Your heart is pumping harder. Oxygen-rich blood fills up your body. You hear the sound of your feet beating the street. There is only you and your breath – you are running.
Marathon runners train hard to hit the big 6 (Boston, Chicago, Tokyo, New York, London and Berlin marathon). This running madness made me wonder: Where do they take their motivation? What does running actually do for us and what can it mean to us?
Did you know that a regular jogger can see 13.000 sunsets more than a non-jogger? In average, moving your feet makes you live 6 years longer than coach potatoes (men 6.2 years and women 5.6 years).
We dug a little deeper into the science of running and what it does to our brain. Here we cover the most fascinating findings on running:
As a natural treatment running is often used to help people with clinical depression and coping with addiction. Lots of runners do short distances as a way to release big emotions like frustration, aggression or sadness.
Running is known to be mood-enhancing. It increases the release of positive neurotransmitters, serotonin, dopamine and norepinephrine which are responsible for regulating mood. Plus, running puts the brain in ‘alpha-wave’ activity. Alpha waves are associated with feelings of calmness and well-being resulting you to feel like a genius, and who doesn’t want that?
There are plenty of studies on how exercise affects cardiovascular health, but there are also studies assessing the impact on mental performance. In fact, you literally train your brain as well while you are running.
Researchers from the University of Illinois found that exercising for 30 minutes already results in processing a problem faster and in a cognitive capacity improvement of up to 10 percent.
A clinical review reports that exercise leads to structural changes in the hippocampus which results in better learning and memory. Also, physically active people have a 60 percent lower risk for Alzheimer’s disease than non-movers.
3. Energy tank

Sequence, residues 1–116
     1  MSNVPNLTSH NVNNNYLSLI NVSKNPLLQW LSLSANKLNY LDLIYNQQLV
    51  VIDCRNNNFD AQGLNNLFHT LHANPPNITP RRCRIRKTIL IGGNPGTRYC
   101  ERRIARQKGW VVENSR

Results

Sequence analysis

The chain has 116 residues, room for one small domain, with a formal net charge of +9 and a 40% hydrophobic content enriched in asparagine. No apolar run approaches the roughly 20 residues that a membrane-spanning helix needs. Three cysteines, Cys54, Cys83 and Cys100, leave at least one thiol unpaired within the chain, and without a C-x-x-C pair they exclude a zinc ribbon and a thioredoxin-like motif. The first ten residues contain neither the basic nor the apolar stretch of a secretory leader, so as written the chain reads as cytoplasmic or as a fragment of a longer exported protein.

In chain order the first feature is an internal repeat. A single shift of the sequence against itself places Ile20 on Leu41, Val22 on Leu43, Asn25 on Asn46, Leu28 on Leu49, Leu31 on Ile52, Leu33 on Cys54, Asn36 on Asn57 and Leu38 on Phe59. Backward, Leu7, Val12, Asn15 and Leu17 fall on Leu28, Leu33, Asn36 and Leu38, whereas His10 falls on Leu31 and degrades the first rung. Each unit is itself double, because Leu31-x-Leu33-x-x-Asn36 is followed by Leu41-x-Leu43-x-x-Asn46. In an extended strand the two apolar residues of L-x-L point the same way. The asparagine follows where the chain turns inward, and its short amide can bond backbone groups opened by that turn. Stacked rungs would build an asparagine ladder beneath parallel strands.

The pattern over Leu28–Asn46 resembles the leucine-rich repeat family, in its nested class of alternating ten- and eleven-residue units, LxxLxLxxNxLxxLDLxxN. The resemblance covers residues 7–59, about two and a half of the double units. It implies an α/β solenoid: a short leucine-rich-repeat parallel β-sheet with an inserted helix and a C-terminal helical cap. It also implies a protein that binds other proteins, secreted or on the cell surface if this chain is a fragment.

Do you have this energy drop in the afternoon and even a coffee wouldn’t help? Go for a run in the morning or during lunch break. Running increases your energy level and keeps it higher throughout the day.
By engaging in low-intensity exercise such as a 10-minute walk your body produces more mitochondria to meet your needs and you can decrease your fatigue by 65%. So if you want to boost your energy get moving!
Walking has a tremendous effect on our brain’s activity. These brain scans from Hillman and colleagues tell enough. Here you can see our brain after sitting versus after a 20-minute walk:
So there is no need to do a professional run to train your brain. Even more, cardiologist and researcher James O’Keefe states that we are born to walk rather than to run.
For those who are passionate about running: Light and moderate jogging was found to be more beneficial than being inactive. This isn’t an eye-opener yet, but did you know that light and moderate jogging is also more beneficial than going for a strenuous jog? In fact, fast-pace jogging appeared to be just as deadly as not moving at all!
It’s found that jogging for 1 to 2.4 hours per week is best for you and optimally not more than 3 times per week.
5. Running addiction
The effects of exercising have an addictive effect. If you can’t abstain from your running routine, you might be addicted in a similar way as seen in heroin addiction. After training for a while you need to exercise more to get the same level of euphoria.
However, aspiring runners and running starters, you don’t need to run far to feel upbeat! Only after having trained for quite some time, you have to do that extra-mile to still get that kick.
6. Runner’s High
Imagine yourself experiencing this:
‘Endorphins flood your brain and you are in euphoria. You realize: You have just finished conquering the world when most people have not even started their day. You feel like you could run forever. There isn’t any sore feeling in your body and you just feel amazing.’
This is how long-distance runners describe the so-called ‘Runner’s High‘. This god-like feeling is made possible by endorphins. The release of these naturally produced endogeneous opiods reduce feelings of pain and stress.
Whether you are a walker looking to become fit, a marathon runner aiming to recover faster or a starting runner who wants to improve endurance, moving your feet holds incredible powers for us to be fitter, stronger and of course smarter. 😉 Make sure you wear suitable shoes and maintain a proper posture to minimize risk to injury.
Now, get on your trainers and may the power of moving be with you!